Tom Ward deserves a lot of credit for repositioning Sandridge (SD) in the aftermath of the collapse in natural gas prices in 2008. Had he stayed the course, Sandridge's only asset would have been its West Texas Over-thrust properties, and the company would have gone bankrupt as that asset was written down to near zero value. Instead, he bought and leased up assets in the Permian Basin, leased up and started aggressively developing almost two million acres of Mississippi Lime acreage, bought substantial Gulf of Mexico production, and sold down billions of dollars of assets via drilling trusts and asset sales at significant profits.
Mr. Ward has built up a tremendous company, and appears to be continuing to create value and grow the company. And to many investors interested in getting exposure to the ultra-high rates of return generated from drilling Mississippi Lime wells, Sandridge is the obvious choice. It is a big company, it is liquid, and other than its Gulf of Mexico assets, it is a pure-play Mississippi Lime investment.
There are other large companies with exposure to the play. Chesapeake (CHK) had almost as large a position as Sandridge in the play, but it just sold down a large portion of its acreage and production and it appears to be in divestment mode since its long time CEO, Aubrey McClendon, is leaving the company. Range Resources (RRC) and Devon Energy (DVN) have drilled some of the best wells in the play, but both of them have considerable other assets that comprise the bulk of their value, making it difficult to "play" the Mississippi Lime via investment in their stocks.
There is an alternative - a company that is substantially less financially levered, with more acreage per dollar Enterprise Value, more rapid growth and higher percentage oil production. The downsides to the company are that it is traded primarily on the Australian stock exchange, and that its stock is less liquid (although it is impressively liquid for the size of the company). The company is Austex Oil (ATXDY.OB).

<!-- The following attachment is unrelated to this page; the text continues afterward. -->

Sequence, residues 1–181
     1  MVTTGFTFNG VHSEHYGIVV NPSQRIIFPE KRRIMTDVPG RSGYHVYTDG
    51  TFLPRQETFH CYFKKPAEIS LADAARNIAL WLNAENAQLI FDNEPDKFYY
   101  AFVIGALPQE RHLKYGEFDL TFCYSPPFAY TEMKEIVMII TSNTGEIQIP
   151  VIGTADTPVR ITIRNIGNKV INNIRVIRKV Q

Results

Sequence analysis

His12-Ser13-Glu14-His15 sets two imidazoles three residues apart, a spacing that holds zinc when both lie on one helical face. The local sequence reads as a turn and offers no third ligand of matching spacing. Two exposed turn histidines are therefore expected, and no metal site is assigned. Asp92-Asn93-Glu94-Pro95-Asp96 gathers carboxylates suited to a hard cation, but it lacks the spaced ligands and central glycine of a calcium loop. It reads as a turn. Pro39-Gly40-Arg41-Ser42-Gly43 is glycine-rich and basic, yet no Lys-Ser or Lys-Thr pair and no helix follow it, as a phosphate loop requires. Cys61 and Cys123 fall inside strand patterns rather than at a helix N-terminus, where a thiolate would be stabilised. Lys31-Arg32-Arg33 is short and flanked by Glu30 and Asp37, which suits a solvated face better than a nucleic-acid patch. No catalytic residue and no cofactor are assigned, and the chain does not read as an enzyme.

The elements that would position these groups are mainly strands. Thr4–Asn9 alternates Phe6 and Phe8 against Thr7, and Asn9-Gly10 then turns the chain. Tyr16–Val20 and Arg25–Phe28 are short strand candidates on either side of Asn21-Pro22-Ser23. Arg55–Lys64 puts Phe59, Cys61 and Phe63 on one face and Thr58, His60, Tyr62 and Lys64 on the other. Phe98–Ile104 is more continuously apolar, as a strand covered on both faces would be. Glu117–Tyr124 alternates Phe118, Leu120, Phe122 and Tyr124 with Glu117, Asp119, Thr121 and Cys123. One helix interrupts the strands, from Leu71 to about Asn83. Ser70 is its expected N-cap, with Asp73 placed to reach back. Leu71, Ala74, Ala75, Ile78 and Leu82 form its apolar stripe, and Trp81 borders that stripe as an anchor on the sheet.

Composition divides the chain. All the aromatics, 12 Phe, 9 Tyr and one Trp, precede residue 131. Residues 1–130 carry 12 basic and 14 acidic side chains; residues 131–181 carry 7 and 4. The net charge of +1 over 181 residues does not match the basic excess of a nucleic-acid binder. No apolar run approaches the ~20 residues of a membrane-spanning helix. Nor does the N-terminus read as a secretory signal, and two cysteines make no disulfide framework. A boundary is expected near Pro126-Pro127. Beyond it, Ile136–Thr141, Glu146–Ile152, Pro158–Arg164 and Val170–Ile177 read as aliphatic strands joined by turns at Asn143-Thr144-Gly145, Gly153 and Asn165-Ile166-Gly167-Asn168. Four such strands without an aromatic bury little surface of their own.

The numbers and the math are simple - Sandridge has a current enterprise value of $4.8 billion, $2 billion in net debt, 1.85 million Mississippian acres and is producing 68,000boepd (pro forma for Permian asset sale, 44% oil). Austex has a current enterprise value of $54 million, 0 net debt, 23,000 Mississippian acres and is producing 700 boepd (expected March exit rate production, 72% oil).
Sandridge is trading for $160,000 per barrel of oil produced per day (excluding low margin gas production) or $2,594 per Mississippian acre, and Austex is trading for $107,000 per barrel of oil produced per day (also excluding gas production) or $2,348 per acre. Additionally, Austex expects to reach 1,300 boepd by the end of 2013, or 86% growth, while Sandridge expects to grow 38% to reach 93,000 boepd by the end of 2013.
Finally, Austex is projecting over 90% IRRs from its drilling activity, due to higher % oil cut, versus Sandridge's projection of ~55% IRRs - so if both companies meet their targets, Austex should grow more capital efficiently than Sandridge due to higher rates of return from drilling.
Obviously there are a number of caveats here - Austex is smaller, its stock trades primarily on the ASX, and its stock is less liquid. However, investors able to accept less liquidity in exchange for a more compelling valuation, higher growth rate and better capital efficiency, could find Austex to be an attractive alternative for exposure to the Mississippi Lime.
Disclosure: I am long ATXDY.OB.